Australian authorities may be close to making their first prosecutions under new anti-spam laws enacted in April.
The Australian Communications Authority (ACA) today revealed it has teamed up with federal law enforcement bodies to target a number of suspected spammers for investigation.
Anthony Wing, manager of the ACA's anti-spam team, warned spammers to take the move very seriously. He predicted that the ACA would start laying charges against spammers sometime "this calendar year".
"If people want to breach the Act and continue to do so, then there's no reason not to go further," said Wing.
Wing was today tight-lipped about the details of the investigation, however he said that the ACA had issued a "fair few" advice notifications since reporting last month that it had several organisations under observation.
"We're investigating certain parties that have breached the Spam Act. We receive a large number of complaints and we generally respond by telling the person involved that they need to comply with the Act," said Wing.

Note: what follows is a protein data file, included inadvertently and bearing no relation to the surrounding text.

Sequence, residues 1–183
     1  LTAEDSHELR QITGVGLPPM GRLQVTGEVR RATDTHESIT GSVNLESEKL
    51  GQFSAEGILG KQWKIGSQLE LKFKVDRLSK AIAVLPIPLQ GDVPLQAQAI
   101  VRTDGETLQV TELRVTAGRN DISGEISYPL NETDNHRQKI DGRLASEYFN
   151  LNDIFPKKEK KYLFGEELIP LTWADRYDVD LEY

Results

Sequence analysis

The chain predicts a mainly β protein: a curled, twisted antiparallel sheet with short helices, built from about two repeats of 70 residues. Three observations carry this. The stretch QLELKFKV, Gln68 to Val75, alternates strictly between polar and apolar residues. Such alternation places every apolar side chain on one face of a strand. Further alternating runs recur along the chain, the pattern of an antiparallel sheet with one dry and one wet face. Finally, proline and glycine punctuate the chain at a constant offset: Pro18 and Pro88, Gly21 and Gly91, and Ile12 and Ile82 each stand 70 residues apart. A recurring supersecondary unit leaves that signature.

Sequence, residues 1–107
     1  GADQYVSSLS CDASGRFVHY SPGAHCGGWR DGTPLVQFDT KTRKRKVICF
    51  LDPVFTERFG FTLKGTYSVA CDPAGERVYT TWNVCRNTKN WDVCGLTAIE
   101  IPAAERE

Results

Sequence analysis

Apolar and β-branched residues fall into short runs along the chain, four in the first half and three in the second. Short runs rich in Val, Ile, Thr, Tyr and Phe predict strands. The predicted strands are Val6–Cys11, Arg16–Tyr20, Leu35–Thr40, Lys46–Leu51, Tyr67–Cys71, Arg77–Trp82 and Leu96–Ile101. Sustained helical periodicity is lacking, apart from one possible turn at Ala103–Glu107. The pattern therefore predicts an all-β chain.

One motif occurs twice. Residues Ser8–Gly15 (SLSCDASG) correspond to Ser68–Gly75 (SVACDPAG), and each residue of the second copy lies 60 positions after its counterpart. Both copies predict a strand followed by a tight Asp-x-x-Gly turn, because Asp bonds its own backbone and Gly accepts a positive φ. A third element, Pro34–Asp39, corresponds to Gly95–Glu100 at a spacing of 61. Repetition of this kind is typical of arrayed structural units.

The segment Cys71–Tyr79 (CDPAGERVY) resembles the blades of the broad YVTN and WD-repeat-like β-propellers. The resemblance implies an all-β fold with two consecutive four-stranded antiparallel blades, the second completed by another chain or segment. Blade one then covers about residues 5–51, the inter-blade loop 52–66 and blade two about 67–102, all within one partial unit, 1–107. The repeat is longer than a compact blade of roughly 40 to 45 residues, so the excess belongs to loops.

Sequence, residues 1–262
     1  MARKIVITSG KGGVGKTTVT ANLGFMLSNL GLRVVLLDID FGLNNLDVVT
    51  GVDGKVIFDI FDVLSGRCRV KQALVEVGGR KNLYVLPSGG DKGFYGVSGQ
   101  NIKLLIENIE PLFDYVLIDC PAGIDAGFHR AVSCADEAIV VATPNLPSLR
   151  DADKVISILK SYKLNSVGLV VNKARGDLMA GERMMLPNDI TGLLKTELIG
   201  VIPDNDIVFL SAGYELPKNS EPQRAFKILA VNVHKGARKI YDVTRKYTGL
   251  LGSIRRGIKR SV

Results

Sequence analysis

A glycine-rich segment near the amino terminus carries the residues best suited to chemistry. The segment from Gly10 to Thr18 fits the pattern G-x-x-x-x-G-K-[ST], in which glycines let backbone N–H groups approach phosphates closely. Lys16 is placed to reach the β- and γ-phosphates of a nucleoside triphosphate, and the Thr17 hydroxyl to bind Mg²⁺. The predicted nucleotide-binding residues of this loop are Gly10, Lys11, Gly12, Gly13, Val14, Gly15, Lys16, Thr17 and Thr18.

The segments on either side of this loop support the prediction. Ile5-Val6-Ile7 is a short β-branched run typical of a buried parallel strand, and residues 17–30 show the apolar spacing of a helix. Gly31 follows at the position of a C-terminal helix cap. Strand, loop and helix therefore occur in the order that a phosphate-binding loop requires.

The ACAs said its partnership with the AHTCC is part of the government's multilayered approach in fighting spam, designed to enable "smooth cooperation" on cyber crime investigations.
As part of the strategy some of the communications regulator's staff have been seconded to the Australian High Tech Crime Centre (AHTCC) to pursue the spam investigation.
The ACA said it has received 12,000 spam complaints since the legislations enactment. However, Wing claimed the ACA was managing them "very effectively".